31/01/2019  The late Vanguard founder, Jack Bogle, was a committed believer in index investing and the Cost Matters Hypothesis, says Morningstar's Russ Kinnel.
TPG decision will shake-up Aussie telco sector
30/01/2019  TPG's abandoning of its mobile network plans holds two powerful implications for the company and its competitors, particularly Telstra, says Morningstar's Brian Han.
4 tech giants look cheap ahead of earnings
29/01/2019  It's a full week of earnings, with Apple, Amazon, Facebook, and Microsoft all trading in 4-star range ahead of their reports.
Spooked investors, market sell-off create opportunity
25/01/2019  US stocks are still considered broadly expensive, but consumer staples is one area where lower valuations are creating opportunity, says Morningstar Investment Management’s Bryce Anderson.
International exposure can bring big benefits, says Morningstar
23/01/2019  Minimising home bias within their portfolios should be a key focus for Australian investors in 2019, says Tim Murphy, director of manager research, Morningstar Australia.
Netflix appeal wanes amid cash burn, competition
22/01/2019  Netflix ended 2018 on a strong note, but its ongoing use of cash and increasing competition from the likes of NBC, Universal and Disney hurt its prospects for 2019.
5 US mega-stocks set to announce earnings
21/01/2019  Chipmaker Intel and household name tech firm IBM are due to announce quarterly earnings this week, alongside Procter & Gamble, Johnson & Johnson and Starbucks.
Finding good returns in alternatives
17/01/2019  When all else is falling, alternative asset classes such as hedge funds, soft commodities, emerging market debt and banks loans can offer decent returns, says Morningstar's Brad Bugg.
Changes ahead for ETF investors
15/01/2019  The inclusion of mainland China shares in more indexes including S&P Global, an expanding menu of active ETFs, and the potential for more ESG-focused funds are among trends investors can expect in 2019.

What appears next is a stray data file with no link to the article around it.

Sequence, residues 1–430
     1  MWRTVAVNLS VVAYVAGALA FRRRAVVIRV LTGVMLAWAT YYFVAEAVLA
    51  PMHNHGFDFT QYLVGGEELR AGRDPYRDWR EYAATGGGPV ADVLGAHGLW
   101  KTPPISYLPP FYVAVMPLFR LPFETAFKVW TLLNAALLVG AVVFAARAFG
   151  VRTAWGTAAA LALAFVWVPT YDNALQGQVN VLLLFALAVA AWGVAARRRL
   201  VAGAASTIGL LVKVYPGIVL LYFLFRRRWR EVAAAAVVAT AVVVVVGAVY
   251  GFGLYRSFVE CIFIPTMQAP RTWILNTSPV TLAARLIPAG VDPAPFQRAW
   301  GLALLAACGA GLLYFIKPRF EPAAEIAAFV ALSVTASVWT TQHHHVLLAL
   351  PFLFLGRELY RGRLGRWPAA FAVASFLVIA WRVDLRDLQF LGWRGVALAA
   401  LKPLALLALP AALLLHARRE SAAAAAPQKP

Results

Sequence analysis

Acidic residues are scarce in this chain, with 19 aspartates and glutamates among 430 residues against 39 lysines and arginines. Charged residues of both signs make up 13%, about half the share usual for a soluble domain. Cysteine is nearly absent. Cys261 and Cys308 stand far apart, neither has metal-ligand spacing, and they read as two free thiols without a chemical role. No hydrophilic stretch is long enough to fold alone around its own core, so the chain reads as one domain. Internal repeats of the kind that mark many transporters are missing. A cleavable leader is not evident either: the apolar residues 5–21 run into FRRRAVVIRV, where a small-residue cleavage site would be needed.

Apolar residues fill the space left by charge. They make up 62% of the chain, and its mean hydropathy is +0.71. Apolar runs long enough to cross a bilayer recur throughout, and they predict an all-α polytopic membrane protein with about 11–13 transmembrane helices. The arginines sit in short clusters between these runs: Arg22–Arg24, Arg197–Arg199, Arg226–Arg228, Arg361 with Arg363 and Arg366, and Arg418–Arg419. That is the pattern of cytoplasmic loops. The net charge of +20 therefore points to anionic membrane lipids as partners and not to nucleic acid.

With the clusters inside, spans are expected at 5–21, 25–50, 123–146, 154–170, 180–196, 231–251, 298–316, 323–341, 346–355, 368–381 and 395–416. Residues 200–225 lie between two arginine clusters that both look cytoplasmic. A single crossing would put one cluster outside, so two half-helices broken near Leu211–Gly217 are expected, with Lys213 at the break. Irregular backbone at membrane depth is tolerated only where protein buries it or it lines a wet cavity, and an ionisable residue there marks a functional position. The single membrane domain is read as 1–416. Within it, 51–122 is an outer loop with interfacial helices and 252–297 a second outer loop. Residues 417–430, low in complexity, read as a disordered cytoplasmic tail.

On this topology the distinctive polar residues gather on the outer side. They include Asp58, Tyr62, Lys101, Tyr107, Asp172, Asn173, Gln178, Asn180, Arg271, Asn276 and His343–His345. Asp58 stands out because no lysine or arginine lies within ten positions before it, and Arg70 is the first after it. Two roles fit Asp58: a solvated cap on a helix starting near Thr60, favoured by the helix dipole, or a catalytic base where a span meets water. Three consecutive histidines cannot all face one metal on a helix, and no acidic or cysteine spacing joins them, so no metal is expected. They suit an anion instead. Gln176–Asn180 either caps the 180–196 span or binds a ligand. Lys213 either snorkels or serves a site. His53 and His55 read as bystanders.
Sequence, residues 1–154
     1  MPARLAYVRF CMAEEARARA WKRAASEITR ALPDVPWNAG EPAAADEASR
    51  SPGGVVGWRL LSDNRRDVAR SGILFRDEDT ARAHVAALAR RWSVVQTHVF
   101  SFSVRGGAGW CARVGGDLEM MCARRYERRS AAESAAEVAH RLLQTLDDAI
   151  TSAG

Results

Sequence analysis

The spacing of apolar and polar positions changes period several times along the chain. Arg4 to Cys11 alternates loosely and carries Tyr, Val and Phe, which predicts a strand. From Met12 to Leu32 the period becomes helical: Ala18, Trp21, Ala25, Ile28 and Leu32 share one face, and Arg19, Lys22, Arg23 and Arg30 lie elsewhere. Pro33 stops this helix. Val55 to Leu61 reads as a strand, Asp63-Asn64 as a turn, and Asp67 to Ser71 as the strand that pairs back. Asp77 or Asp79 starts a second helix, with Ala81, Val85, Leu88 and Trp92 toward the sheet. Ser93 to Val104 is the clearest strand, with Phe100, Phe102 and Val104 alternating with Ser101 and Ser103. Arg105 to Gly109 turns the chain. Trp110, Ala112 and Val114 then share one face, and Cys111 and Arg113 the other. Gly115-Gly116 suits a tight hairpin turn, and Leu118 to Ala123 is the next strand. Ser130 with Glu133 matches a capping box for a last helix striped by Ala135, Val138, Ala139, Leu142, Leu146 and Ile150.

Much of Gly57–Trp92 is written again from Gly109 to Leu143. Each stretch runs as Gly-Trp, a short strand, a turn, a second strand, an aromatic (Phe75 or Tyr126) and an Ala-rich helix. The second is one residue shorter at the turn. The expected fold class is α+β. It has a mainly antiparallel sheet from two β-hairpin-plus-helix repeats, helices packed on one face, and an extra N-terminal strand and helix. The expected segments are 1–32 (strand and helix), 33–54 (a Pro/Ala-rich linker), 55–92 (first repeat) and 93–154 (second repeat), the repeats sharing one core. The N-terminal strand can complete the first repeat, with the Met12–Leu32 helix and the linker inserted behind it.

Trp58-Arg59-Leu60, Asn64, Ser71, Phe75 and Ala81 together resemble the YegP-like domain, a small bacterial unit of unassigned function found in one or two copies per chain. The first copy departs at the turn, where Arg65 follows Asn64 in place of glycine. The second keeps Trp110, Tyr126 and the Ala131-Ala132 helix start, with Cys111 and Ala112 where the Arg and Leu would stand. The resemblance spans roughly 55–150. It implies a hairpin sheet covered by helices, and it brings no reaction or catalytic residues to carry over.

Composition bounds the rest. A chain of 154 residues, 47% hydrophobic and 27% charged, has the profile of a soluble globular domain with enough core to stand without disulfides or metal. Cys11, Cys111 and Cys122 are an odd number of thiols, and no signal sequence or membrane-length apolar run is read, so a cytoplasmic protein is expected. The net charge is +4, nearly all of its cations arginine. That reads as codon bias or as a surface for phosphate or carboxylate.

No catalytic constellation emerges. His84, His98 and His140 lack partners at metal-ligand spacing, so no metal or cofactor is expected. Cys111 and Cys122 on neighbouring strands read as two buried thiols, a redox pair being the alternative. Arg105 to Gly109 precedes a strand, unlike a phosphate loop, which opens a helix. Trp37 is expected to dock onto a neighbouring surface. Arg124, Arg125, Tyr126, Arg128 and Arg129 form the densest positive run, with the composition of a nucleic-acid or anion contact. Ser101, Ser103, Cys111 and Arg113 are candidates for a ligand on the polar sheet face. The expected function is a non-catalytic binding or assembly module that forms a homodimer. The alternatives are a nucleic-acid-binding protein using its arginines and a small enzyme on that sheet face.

What to expect from bonds in 2019
14/01/2019  Fixed income assets will be even more important to investors’ capital preservation strategies this year than last, but some sectors are safer than others, says John Likos.
Risk, return and the share price triple threat
11/01/2019  The challenge of creating a quality-focused share portfolio using only Aussie stocks is one of several reasons why a broader focus is important, says Morningstar Investment Management’s Peter Bull.
The rational investor is dead
10/01/2019  The banking royal commission and other inquiries have shown product disclosure regulations alone are not enough to protect investors, especially from themselves, says The Chaser’s Julian Morrow.
Why a share price slump does not always mean buy
09/01/2019  Disciplined investors always urge others to buy on the dips - but not all stock market falls create buying opportunities.
US remains dominant macro theme in 2019
08/01/2019  The resumption of a US-China trade war and the Fed’s ability to stave off recession are the most important global themes for Australian investors this year, says Morningstar’s Peter Warnes.
3 ways to cope in tough investment markets
07/01/2019  Drowning out the noise and creating personal policy statements are among Christine Benz's top tips for sticking to your strategy as the market downturn bites.
Apple shares look attractive